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Picture is a schematic drawing of the light undergoing interference by a thin film. Wave reflected from the top of the film is inverted; wave reflected from the bottom of the film is not inverted; refracted waves are not inverted.
Reflection at an interface for light traveling from a medium with index of refraction n 1 to a medium with index of refraction n 2 , n 1 < n 2 , causes the phase of the wave to change by π radians.

If the film in [link] is a soap bubble (essentially water with air on both sides), then a phase shift of λ / 2 occurs for ray 1 but not for ray 2. Thus, when the film is very thin and the path length difference between the two rays is negligible, they are exactly out of phase, and destructive interference occurs at all wavelengths. Thus, the soap bubble is dark here. The thickness of the film relative to the wavelength of light is the other crucial factor in thin-film interference. Ray 2 in [link] travels a greater distance than ray 1. For light incident perpendicular to the surface, ray 2 travels a distance approximately 2 t farther than ray 1. When this distance is an integral or half-integral multiple of the wavelength in the medium ( λ n = λ / n , where λ is the wavelength in vacuum and n is the index of refraction), constructive or destructive interference occurs, depending also on whether there is a phase change in either ray.

Calculating the thickness of a nonreflective lens coating

Sophisticated cameras use a series of several lenses. Light can reflect from the surfaces of these various lenses and degrade image clarity. To limit these reflections, lenses are coated with a thin layer of magnesium fluoride, which causes destructive thin-film interference. What is the thinnest this film can be, if its index of refraction is 1.38 and it is designed to limit the reflection of 550-nm light, normally the most intense visible wavelength? Assume the index of refraction of the glass is 1.52.


Refer to [link] and use n 1 = 1.00 for air, n 2 = 1.38 , and n 3 = 1.52 . Both ray 1 and ray 2 have a λ / 2 shift upon reflection. Thus, to obtain destructive interference, ray 2 needs to travel a half wavelength farther than ray 1. For rays incident perpendicularly, the path length difference is 2 t .


To obtain destructive interference here,

2 t = λ n 2 2

where λ n 2 is the wavelength in the film and is given by λ n 2 = λ / n 2 . Thus,

2 t = λ / n 2 2 .

Solving for t and entering known values yields

t = λ / n 2 4 = ( 500 nm ) / 1.38 4 = 99.6 nm .


Films such as the one in this example are most effective in producing destructive interference when the thinnest layer is used, since light over a broader range of incident angles is reduced in intensity. These films are called nonreflective coatings ; this is only an approximately correct description, though, since other wavelengths are only partially cancelled. Nonreflective coatings are also used in car windows and sunglasses.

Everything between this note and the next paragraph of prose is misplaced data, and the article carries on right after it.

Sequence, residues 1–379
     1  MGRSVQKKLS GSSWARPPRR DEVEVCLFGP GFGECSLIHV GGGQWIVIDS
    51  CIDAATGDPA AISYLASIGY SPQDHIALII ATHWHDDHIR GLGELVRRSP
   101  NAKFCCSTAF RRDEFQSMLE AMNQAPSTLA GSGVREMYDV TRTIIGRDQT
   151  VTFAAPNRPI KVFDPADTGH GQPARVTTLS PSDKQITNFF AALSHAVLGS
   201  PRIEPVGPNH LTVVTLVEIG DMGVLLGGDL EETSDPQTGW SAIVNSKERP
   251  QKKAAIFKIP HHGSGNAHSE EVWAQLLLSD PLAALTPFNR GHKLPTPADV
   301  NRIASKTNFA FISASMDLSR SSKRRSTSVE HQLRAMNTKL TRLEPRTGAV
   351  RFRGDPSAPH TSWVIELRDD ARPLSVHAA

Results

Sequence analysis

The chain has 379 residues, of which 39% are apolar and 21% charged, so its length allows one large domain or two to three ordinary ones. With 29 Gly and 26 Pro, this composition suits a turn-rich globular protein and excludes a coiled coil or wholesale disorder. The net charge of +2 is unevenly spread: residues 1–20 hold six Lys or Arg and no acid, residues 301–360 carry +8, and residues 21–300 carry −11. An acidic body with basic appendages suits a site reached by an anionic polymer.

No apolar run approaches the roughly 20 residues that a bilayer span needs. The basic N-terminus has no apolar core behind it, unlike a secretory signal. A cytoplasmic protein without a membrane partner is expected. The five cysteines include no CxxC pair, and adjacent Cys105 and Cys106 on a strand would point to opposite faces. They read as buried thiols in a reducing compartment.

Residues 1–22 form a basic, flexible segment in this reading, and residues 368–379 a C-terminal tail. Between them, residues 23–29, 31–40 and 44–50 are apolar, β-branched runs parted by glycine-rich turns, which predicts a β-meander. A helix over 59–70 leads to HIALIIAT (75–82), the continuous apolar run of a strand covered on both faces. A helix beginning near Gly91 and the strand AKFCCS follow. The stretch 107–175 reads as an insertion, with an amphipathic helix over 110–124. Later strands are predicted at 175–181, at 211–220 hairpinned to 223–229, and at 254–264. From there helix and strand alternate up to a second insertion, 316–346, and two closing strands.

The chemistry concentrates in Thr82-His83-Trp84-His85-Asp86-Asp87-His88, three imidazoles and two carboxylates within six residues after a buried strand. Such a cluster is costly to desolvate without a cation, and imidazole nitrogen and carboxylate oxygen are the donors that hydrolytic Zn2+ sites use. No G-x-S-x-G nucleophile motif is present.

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Combining path length difference with phase change

Thin-film interference is most constructive or most destructive when the path length difference for the two rays is an integral or half-integral wavelength. That is, for rays incident perpendicularly,

2 t = λ n , 2 λ n , 3 λ n ,… or 2 t = λ n / 2 , 3 λ n / 2 , 5 λ n / 2 ,… .

To know whether interference is constructive or destructive, you must also determine if there is a phase change upon reflection. Thin-film interference thus depends on film thickness, the wavelength of light, and the refractive indices. For white light incident on a film that varies in thickness, you can observe rainbow colors of constructive interference for various wavelengths as the thickness varies.

Questions & Answers

A Pb wire wound in a tight solenoid of diameter of 4.0 mm is cooled to a temperature of 5.0 K. The wire is connected in series with a 50-Ωresistor and a variable source of emf. As the emf is increased, what value does it have when the superconductivity of the wire is destroyed?
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how does colour appear in thin films
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derivation of lateral shieft
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Refraction does not occur in concave mirror. If refraction occurs then I don't know about this.
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normal distribution of errors
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give any fix value to wave length
40 cm into change mm
Arhaan Reply
40cm=40.0×10^-2m =400.0×10^-3m =400mm. that cap(^) I have used above is to the power.
i.e. 10to the power -2 in the first line and 10 to the power -3 in the the second line.
there is mistake in my first msg correction is 40cm=40.0×10^-2m =400.0×10^-3m =400mm. sorry for the mistake friends.
40cm=40.0×10^-2m =400.0×10^-3m =400mm.
this msg is out of mistake. sorry friends​.
what is physics?
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why we have physics
Anil Reply
because is the study of mater and natural world
because physics is nature. it explains the laws of nature. some laws already discovered. some laws yet to be discovered.
physics is the study of non living things if we added it with biology it becomes biophysics and bio is the study of living things tell me please what is this?
physics is the study of matter,energy and their interactions
all living things are matter
why rolling friction is less than sliding friction
thanks buvanas
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Source:  OpenStax, University physics volume 3. OpenStax CNX. Nov 04, 2016 Download for free at http://cnx.org/content/col12067/1.4
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